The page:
Explain the sociological perspectives in health and social care
There are 3 main perspectives:
• The Structural/Functional Perspective – Relationship between parts of society, i.e - Explain the sociological perspectives in health and social care introduction. how aspects of society are functional and adaptive. – Macro – all aspects of society contribute to the way society functions as a whole. For example the government pays for school teachers and schools and bin collection etc. and in return citizens pay tax. The country couldn’t run without the citizens paying tax. People who believe in this theory believe that member of society have to work together and agree on what will be best for society as a whole. • The Conflict Perspective – Competition for scarce resources, i.e. how the elite control the poor and weak. – Macro – this theory focuses on the negative aspects and conflicted areas of society, the ever changing areas. – Society is ever struggling and inevitably changing sometimes it is beneficial and other times it is negative and violent. Inequality is widely spread. To one partner this is the symbol of eternal love.
To the other a mere financial expense.
• Symbolic/Interaction Perspective – Use of symbols, i.e. face to face interactions. – Micro – how people interact with each other and how they interpret symbols and the details of everyday life. People are seen to attach meanings to symbols, and then act up on these meanings. Words are not static they have a meaning or meanings but the way in which the sender means/says the word could be taken differently by the receiver. Micro – level of analysis is of small social patterns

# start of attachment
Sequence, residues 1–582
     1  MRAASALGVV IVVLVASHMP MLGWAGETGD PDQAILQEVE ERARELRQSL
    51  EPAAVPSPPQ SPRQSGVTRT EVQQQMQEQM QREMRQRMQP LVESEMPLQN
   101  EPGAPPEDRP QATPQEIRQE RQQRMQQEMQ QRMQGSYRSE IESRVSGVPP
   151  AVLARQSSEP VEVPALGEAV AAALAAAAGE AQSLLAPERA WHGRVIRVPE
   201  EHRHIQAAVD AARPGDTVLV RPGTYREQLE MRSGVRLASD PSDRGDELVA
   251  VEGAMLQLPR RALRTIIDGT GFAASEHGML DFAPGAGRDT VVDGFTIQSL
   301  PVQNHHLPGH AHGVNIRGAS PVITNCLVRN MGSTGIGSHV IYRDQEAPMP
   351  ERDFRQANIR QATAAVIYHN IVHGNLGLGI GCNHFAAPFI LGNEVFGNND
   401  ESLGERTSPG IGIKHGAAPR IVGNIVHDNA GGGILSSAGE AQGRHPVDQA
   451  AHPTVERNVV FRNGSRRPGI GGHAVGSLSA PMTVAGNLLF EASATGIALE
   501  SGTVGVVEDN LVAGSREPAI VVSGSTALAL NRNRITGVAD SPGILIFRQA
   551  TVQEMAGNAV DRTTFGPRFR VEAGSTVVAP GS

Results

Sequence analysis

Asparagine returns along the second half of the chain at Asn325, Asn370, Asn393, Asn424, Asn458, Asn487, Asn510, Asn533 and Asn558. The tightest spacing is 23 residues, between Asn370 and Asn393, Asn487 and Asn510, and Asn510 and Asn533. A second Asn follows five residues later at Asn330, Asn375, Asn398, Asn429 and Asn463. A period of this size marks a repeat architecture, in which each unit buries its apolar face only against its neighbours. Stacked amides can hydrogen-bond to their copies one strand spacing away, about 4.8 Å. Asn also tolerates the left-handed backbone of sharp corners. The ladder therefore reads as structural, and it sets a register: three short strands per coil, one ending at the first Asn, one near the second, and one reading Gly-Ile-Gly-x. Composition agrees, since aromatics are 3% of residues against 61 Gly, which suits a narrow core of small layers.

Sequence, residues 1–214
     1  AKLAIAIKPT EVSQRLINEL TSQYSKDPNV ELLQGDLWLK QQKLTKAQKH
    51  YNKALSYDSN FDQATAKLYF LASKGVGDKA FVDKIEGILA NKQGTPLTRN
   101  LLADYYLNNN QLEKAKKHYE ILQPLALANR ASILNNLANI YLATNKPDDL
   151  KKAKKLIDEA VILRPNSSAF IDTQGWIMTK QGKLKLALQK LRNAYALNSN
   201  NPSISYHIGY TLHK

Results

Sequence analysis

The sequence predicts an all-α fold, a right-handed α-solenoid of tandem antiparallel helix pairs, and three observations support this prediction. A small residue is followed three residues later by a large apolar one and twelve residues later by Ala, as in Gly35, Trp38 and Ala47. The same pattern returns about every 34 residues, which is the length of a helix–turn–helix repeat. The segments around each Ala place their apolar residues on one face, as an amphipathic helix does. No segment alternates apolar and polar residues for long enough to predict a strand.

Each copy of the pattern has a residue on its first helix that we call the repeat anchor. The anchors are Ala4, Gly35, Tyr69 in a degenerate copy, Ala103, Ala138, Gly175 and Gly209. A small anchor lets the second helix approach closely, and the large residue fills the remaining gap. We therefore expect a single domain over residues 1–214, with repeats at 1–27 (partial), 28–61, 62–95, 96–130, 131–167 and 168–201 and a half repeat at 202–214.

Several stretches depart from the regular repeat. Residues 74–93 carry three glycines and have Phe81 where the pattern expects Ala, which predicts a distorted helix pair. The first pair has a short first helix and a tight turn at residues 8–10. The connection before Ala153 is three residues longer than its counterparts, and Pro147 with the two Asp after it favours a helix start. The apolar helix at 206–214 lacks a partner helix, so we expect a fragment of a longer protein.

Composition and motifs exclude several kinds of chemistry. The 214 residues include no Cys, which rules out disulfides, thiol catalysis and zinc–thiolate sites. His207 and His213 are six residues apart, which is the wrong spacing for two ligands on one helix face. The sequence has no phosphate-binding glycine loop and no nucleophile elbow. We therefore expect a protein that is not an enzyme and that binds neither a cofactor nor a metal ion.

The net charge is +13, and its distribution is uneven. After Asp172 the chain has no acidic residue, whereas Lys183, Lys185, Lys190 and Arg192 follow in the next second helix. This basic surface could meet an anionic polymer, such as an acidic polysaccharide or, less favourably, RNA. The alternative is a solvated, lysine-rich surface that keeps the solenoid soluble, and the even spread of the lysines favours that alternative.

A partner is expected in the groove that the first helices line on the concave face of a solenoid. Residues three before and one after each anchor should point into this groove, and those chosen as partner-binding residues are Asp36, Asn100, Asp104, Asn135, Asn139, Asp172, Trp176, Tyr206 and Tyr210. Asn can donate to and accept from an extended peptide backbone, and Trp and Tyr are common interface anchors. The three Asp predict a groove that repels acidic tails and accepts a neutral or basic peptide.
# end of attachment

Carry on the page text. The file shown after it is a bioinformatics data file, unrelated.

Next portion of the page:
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Macro – level of analysis is of large social patterns
The principal of sociological perspective are:
Functionalism- an important part of some accounts of functionalism is the idea of multiple realisation. Since, according to standard functionalist theories, mental states are the corresponding functional role, mental states can be sufficiently explained without taking into account the underlying physical medium (e.g. the brain, neurons, etc.) that realizes such states;
one need only take into account the higher-level functions in the cognitive system.
Marxism- is an economic political theory by which law is considered an instrument of oppression and control, and which the ruling class uses against the working class. Marxism holds at its core a critical analysis of capitalism and a theory of social change. The powerful and innovative analytical methods Marx introduced have influenced a broad range of disciplines.
Feminism- has altered predominant perspectives in a wide range of areas within Western society, ranging from culture to law. Feminist activists have campaigned for women’s legal rights (rights of contract, property rights, voting rights); for women’s right to bodily integrity and autonomy, for abortion rights. A social institution can be defined as an organizational system which functions to satisfy basic social needs by providing safe and suitable environment. Institutions such as: government – public services
religion – place of worship
education – schools
economics – areas
family – social services